Remote Administration Servers Only
Access individual VisNetic Firewall installations or entire Firewall networks from remote locations. This feature provides incomparable freedom, and complete control over a network using password protection. Administrators can access every setting in Firewall installations without having to access each computer.
Web Server Protection Servers Only
VisNetic Firewall 2.0 checks requests to your web server and blocks malicious attacks upon detection. Web Server Security Features include: Specify Acceptable Methods/Commands
Disallow malicious commands that request unwanted activity, and accept valid requests. Filter Character Sequences
- Reject suspicious character sequences that are often used by hackers. Provides an additional layer of security through analyzing URL characters that are telltale signs of hack attempts. Block URL File Name Extensions
- Determine inappropriate file name extensions (.exe, etc.), and prevent users from running programs on your web server (such as NIMDA).
Port Scan Detection
Detects all TCP port scans, including: connection scan, NULL, ACK, Window, FIN, Xmas and Full-Xmas. Port scans are frequently used before hack attempts. Controls are available to modify the
scan to your environment and to ban port scanners automatically.
Trap hackers, slow down the spread of worms and stall spammers by creating tarpits. A tarpit is a trap for harmful intruders. VisNetic Firewall accepts TCP connections but never replies and ignores disconnect requests. This leaves ports scanners and hackers stuck for hours, even days.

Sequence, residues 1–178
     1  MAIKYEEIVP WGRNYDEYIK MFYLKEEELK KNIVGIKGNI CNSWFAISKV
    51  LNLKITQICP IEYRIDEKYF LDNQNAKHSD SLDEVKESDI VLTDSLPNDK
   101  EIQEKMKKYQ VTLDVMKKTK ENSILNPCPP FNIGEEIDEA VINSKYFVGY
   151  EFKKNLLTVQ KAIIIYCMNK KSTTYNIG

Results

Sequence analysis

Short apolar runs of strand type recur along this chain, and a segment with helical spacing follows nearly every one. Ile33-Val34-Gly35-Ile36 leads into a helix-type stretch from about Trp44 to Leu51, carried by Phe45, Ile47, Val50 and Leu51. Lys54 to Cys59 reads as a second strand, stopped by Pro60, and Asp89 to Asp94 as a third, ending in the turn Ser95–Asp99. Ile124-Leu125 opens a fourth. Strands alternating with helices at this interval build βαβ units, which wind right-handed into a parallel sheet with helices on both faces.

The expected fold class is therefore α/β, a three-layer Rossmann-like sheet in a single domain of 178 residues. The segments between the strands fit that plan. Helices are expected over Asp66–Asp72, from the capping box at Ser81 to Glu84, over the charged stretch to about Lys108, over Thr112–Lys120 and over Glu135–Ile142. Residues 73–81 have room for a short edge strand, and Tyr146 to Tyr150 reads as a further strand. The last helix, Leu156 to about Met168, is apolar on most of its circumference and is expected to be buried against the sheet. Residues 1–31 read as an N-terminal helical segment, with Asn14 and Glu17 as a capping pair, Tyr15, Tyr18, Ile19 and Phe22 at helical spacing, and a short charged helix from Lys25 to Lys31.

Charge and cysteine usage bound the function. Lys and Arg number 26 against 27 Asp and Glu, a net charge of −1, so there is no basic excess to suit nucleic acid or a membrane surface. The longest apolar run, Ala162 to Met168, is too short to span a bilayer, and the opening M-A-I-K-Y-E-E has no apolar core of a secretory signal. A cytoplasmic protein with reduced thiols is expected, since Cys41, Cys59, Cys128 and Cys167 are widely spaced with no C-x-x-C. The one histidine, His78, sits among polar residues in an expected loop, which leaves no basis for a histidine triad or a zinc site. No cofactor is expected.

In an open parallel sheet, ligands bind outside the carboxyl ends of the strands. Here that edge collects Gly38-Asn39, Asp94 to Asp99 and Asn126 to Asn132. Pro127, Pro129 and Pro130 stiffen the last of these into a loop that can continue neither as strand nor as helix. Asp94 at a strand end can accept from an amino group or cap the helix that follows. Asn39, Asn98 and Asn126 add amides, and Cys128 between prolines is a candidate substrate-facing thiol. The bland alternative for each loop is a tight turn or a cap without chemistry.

Ban IP Addresses
Allows administrators to ban individual or groups of IP's, and provides the necessary utilities to customize the ban list to meet requirements. Bans can be set permanently, or to expire after 1 day or 1 week.
Filter by MAC Address
The ability to allow or deny a computer by its MAC address ensures that malicious or unwanted users are unable to bypass security filters.
Server Firewall Protection Servers Only
VisNetic Firewall for Servers supplies a strong defense mechanism for host computers against data intrusion, attack, theft or damage. Incorporating all of the features of the workstation version, VisNetic Firewall for Servers includes extended features allowing Time-Sensitive Rules, Real-Time Activity Viewing, Selective Control of Other IP Protocols and more.
Selective Control of Other IP Per Device Servers Only
VisNetic Firewall for Servers may be configured to filter protocols other than IP protocols selectively. Examples of other protocols that VisNetic Firewall will filter include IGMP and GRE. The benefit of blocking these protocols independently, rather than globally, is that selective filtering can take place per device. As an example, GRE is a protocol used for many VPN implementations and is often ignored by a firewall as trusted traffic; whereas IGMP is a protocol of choice for some attacks. With this feature, an Administrator may allow GRE through the VPN, while blocking IGMP. Examples of a device include an internal network interface card (NIC), an external NIC linked to a cable modem connecting to the Internet, or a Dial-Up Adapter used to connect to an ISP (Internet Service Provider).